Web browsers like Chrome, Microsoft Edge, and Firefox may be forced to block websites at a software level if the French government has its way.
In a blog post penned by Firefox's parent company Mozilla, the firm warned on the potential chilling effects the so-called SREN Bill currently travelling through the French regulatory system could have on web browsers, and the free internet at large too.
Article 6 of the bill describes the French government's desire to force web browsers to bake in tools that would function as filters, acting as a mandatory content blocker for a government-backed list. It's not as if these sorts of laws haven't existed previously. Totalitarian-leaning states like Russia and China already have pervasive internet control tools, but even self-described democracies like Australia and the UK have some over-reaching laws revolving around government snooping and censorship on the web. I distinctly remember my UK ISP blocking Pirate Bay with a big red warning label at one point, although the ban seems to have been relatively short-lived (since it's once again available now).
What's different here is the mechanism being sought after by the French government. By operating at a browser level, it would give the government a disturbing amount of power, while putting pressure on web browsers to fund systems that could be exploited by totalitarian states.
Mozilla elaborates that, while on the surface, it might not seem wildly different from tools like Microsoft Smart Screen which automatically blocks sites reported as being hotspots for phishing and malware attacks, the key differentiator is that Smart Screen and other similar tools can be bypassed easily by users if necessary. These mechanisms sought after by the French government would simply be a permanent block on any website or platform they see fit.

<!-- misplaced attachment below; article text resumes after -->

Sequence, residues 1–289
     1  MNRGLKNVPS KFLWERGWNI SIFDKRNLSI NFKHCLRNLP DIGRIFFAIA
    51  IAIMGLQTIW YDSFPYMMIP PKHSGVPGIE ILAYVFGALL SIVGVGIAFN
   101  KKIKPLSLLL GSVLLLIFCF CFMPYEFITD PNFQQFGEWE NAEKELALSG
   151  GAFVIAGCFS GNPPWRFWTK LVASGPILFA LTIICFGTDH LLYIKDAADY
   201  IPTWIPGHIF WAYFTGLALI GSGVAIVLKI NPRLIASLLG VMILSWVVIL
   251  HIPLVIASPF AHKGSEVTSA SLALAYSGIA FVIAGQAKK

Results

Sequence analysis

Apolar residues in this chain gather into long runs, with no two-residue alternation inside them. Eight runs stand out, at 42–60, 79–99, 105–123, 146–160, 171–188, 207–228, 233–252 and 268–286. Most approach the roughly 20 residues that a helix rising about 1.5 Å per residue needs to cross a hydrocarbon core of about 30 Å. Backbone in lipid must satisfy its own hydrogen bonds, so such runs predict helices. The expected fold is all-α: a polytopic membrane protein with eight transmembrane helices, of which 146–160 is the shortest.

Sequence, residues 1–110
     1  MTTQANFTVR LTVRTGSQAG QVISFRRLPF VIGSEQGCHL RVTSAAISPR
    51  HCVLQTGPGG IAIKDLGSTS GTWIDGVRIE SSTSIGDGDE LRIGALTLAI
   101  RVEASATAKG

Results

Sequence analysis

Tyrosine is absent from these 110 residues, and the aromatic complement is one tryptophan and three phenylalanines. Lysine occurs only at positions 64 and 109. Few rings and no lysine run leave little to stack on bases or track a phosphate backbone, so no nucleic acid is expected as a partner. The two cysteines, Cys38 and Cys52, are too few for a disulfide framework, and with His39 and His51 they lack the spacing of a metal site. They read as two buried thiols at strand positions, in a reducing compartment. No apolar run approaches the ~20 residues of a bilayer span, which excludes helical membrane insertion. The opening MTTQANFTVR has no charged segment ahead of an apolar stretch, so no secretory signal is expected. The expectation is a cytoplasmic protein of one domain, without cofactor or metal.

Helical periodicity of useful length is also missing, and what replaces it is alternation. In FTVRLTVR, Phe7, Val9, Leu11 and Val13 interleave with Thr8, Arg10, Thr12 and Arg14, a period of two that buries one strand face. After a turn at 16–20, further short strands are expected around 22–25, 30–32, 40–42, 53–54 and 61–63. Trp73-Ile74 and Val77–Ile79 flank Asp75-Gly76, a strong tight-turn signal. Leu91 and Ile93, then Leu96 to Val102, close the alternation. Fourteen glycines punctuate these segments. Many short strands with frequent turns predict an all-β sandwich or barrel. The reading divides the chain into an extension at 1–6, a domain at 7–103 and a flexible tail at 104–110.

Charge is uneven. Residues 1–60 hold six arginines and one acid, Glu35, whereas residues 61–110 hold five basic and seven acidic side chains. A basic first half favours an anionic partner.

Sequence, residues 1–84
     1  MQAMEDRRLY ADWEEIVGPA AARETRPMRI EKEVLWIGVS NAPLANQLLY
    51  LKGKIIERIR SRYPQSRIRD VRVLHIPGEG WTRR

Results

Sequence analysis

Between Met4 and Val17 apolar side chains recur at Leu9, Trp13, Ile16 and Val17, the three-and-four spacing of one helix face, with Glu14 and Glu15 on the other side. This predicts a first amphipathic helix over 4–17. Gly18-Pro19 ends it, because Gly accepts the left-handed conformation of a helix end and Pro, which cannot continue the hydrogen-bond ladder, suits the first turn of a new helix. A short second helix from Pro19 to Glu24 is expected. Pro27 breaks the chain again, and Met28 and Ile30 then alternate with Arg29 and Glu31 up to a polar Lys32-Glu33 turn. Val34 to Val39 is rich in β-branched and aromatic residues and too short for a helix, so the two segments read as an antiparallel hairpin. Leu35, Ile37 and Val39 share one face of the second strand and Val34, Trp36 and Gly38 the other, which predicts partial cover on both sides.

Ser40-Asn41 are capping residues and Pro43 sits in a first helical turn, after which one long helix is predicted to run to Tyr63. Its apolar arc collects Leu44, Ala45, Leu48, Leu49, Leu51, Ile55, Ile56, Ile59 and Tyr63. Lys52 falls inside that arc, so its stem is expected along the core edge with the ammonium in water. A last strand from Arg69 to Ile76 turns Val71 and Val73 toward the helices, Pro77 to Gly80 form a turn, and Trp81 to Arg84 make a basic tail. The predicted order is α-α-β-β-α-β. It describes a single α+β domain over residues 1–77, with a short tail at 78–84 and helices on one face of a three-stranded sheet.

Analysis: Dumb governments with dumb ideas
While these kinds of features may be well-intentioned (seriously giving the benefit of the doubt here), having these sorts of systems in place allows future potential governments to exploit them for political gain while remaining within "legal" definitions. Perhaps more crucially, they also never really work in practice. The idea that the French government could somehow prevent the free flow of information this way is asinine, and likely serve only to give browser firms a big headache. The open-source community would have forked versions without government controls prepped in minutes. And then, the potential for legitimate users getting caught out by actual malware would undoubtedly increase, if they had to seek open tools from perhaps less-than-legitimate sources.
The UK is also pushing similar bills through its parliament at the moment. The so-called "Online Safety Bill" would force companies like Microsoft to bake in government-mandated back doors into apps with end-to-end encryption. It would kill apps like WhatsApp, Telegram, and other services that rely on strong encryption methods to keep user data private. Firms like WhatsApp and Signal have even threatened to exit the UK entirely over the bill. The government often says these bills are about preventing crime, but when governments have a monopoly on violence and incarceration, the definition of crime can shift very quickly. You need only look at the complete and total erosion of free speech in nations like Hong Kong and Russia, where, increasingly, criticism of the government can land you with lengthy prison terms (or worse). Both the UK and French governments have earned themselves a lot of criticism lately ...
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Jez Corden a Managing Editor at Windows Central, focusing primarily on all things Xbox and gaming. Jez is known for breaking exclusive news and analysis as relates to the Microsoft ecosystem while being powered by caffeine. Follow on Twitter @JezCorden and listen to his Xbox Two podcast, all about, you guessed it, Xbox!
That's ok. Browsers don't have to work in EU or France.Reply
And they call themselves a "democratic country", not much better than PRC or North KoreaReply
Meh.TIE69 said:And they call themselves a "democratic country", not much better than PRC or North Korea
Their regime is not terribly different from the UK or Canada.
(Look it up.)
The US has a strong first ammendment, few other countries do.
At least they don't rewrite their constitution every other week or ignore it every day.
Countries typically have the governments they tolerate.
That said, instead of trying to hide behind the browser companies, they should do as China and censor at their ISPs.